Review: Rose and the Silver Ghost by Holly Webb

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Cover for Rose and the Silver Ghost Holly WebbRose and the Silver Ghost by Holly Webb is a delight with an eager, active heroine, good friendships, an intriguing magic system, and a plot that keeps the reader hooked. 

Rose is an orphan found abandoned in a fish basket. She was taken from the orphanage to work at Mr. Fountain’s as a maid. There she learned she had magic and has been made an apprentice and is studying magic and etiquette with the formidable Miss Fell. She is happy, but she wonders about the family that left her. Did they share her magic? Why did they leave her? Are any of them still alive? Searching for the answers leads to discoveries about her heritage, but also to danger. Fortunately, she has good friends to help her out. Freddie, Bella, and Gus help her to think about which magic to use and how to use it and staunchly go exploring when needed.

Holly Webb has created a version of nineteenth century Europe where magic works. Although she never explicitly spells out the rules, there is an evident clear foundation and set of rules behind what happens. There are also signs that magic has altered the course of events—this is not our world with magic, this is a world like ours might be if magic were added to the possibilities in life. Webb also does an excellent job of portraying the family dynamics in the group, especially in one where “family” has had some unexpected additions; the friendship, the minor jealousies, and the underlying care are all there. The plot is well-paced, keeping the reader hooked.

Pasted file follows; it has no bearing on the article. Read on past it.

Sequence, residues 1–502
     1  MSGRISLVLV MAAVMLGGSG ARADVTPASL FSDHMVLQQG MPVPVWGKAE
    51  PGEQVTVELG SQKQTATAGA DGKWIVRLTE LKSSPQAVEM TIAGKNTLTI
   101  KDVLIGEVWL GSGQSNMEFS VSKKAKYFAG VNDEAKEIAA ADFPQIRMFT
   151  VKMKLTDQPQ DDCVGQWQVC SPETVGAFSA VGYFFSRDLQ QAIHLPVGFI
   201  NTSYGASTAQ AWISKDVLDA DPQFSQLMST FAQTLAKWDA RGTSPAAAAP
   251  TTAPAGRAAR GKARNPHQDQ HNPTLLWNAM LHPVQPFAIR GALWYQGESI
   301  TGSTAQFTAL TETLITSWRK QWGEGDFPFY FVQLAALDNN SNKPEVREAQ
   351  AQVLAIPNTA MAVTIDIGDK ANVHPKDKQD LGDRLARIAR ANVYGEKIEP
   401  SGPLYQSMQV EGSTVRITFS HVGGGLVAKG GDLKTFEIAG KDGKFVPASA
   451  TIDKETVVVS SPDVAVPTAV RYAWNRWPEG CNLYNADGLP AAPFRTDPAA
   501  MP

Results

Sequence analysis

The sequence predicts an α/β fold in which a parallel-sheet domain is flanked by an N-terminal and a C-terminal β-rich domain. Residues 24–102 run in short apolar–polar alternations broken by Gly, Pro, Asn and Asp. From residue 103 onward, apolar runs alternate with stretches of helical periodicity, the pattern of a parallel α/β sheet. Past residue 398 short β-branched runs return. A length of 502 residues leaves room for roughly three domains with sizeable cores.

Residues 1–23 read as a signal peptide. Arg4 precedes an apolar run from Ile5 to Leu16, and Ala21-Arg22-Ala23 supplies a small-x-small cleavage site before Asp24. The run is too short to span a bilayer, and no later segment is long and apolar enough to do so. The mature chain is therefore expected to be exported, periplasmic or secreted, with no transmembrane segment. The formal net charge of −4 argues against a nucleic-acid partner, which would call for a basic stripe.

Webb gets special mention because one of the characters is a cat. I have a weakness for talking cats, and Gus, who is himself magical, is an excellent example of the breed. He guides Rose and cares for her—but he also expects plenty of praise and tasty rewards for his work.

Although Rose and the Silver Ghost is the fourth book in the Rose series, it is easy to read it as a standalone. Webb expertly works in any knowledge the reader needs. It is likely, though that those readers are going to want to read the first three books afterward because they will be absorbed in Rose’s world.

Rose and the Silver Ghost is recommended for readers from eight and up who enjoy tales of magic, suspense, and friendship with a touch of the scary thrown in.

Rose and the Silver Ghost comes out in the U.S. on March 3, 2015. If you’re not sure you want to buy the book, try your local library–even if they don’t have it now, they might order it if you ask (Librarians are always willing to talk about books).

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